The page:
Letters to the Editor - August 13, 2018

  • Written by Readers
“I was surprised by David Clark’s August 7 article, which seemed to cast doubt that Washington Initiative 1634 “would protect hard-working families and neighborhood businesses from grocery taxes.” I am a neighborhood business owner, and a proud member of the Yes! To Affordable Groceries coalition.
When Washingtonians voted to make food and beverages off limits from taxation 30 years ago, it was because we believed these items should remain as affordable as possible so they’re accessible to all families. But the recent Seattle beverage tax provides a blueprint for how local governments can now work around these restrictions. In implementing the tax, I have had to raise prices on more than just soda pop – in order to stay competitive and keep my customers, I’ve offset costs by increasing the prices on other grocery items like juice, tea and coffee. I wish I didn’t have to, but those are the tough choices small businesses have to make.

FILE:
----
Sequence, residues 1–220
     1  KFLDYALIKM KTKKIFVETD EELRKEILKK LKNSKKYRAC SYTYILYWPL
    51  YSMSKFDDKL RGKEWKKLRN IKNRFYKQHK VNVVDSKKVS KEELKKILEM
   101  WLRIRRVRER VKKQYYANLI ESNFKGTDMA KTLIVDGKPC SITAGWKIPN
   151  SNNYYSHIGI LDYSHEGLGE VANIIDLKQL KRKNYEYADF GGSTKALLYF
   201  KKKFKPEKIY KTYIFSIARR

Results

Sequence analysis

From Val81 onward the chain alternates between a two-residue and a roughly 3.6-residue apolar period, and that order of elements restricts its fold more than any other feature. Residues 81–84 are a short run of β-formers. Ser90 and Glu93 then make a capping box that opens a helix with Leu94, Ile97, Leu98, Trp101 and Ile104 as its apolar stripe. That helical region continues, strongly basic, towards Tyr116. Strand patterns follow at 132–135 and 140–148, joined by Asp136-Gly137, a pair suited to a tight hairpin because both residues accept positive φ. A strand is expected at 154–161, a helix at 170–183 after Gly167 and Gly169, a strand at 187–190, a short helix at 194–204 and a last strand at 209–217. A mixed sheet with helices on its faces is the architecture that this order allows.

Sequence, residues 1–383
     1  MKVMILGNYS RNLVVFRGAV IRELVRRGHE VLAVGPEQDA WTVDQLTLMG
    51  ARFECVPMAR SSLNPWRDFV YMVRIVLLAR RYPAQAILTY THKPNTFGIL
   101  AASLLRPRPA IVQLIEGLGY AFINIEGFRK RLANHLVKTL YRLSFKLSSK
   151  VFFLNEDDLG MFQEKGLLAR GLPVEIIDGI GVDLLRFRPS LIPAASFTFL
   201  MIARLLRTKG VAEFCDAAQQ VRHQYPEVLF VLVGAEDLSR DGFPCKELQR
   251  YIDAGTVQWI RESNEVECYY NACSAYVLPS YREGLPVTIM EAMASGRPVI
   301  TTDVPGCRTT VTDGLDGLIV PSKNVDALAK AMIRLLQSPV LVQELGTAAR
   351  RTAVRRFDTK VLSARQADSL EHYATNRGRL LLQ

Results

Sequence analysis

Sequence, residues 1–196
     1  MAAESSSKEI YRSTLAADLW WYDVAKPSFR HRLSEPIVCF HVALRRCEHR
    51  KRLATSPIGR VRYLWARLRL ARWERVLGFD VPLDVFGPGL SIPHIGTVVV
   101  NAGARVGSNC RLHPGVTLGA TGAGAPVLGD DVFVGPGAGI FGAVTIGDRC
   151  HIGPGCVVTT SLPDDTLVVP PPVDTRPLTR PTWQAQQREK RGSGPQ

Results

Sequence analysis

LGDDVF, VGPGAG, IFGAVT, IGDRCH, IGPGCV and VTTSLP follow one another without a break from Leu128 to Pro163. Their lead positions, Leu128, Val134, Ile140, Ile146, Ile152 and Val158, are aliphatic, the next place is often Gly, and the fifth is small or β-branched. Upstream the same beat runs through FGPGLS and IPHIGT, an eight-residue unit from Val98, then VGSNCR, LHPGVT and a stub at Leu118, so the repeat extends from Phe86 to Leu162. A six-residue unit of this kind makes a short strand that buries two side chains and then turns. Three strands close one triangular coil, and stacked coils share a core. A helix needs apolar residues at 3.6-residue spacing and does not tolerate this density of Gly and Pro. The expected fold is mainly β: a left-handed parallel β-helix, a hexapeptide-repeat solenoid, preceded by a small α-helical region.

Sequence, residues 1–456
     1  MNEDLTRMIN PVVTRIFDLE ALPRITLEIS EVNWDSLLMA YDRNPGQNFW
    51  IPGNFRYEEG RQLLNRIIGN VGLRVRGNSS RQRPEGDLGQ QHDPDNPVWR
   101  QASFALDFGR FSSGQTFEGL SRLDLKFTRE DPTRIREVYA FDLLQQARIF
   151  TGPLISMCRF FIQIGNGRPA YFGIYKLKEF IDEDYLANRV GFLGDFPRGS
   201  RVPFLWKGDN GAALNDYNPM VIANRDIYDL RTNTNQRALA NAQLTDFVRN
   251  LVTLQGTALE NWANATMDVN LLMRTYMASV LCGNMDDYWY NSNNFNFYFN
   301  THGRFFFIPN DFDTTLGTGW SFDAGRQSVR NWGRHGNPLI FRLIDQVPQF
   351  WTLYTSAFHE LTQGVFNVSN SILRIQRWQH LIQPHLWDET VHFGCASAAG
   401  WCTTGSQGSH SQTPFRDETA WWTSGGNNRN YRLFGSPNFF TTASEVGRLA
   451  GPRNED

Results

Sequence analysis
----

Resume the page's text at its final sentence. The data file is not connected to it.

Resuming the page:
A few years ago, no one would have ever thought that orange juice and iced tea would be taxed. But it is happening. What’s next? I’ve read about proposals for taxes on dairy farmers and cattle growers who produce staples for refrigerators and pantries.
I-1634 would protect us from this end run around the sales tax restrictions on grocery items. Taxes on food and beverages hurt hard-working families and small businesses the most and it’s time we put an end to the threat they pose.
George O’Connor
Ken’s Market QA - Seattle

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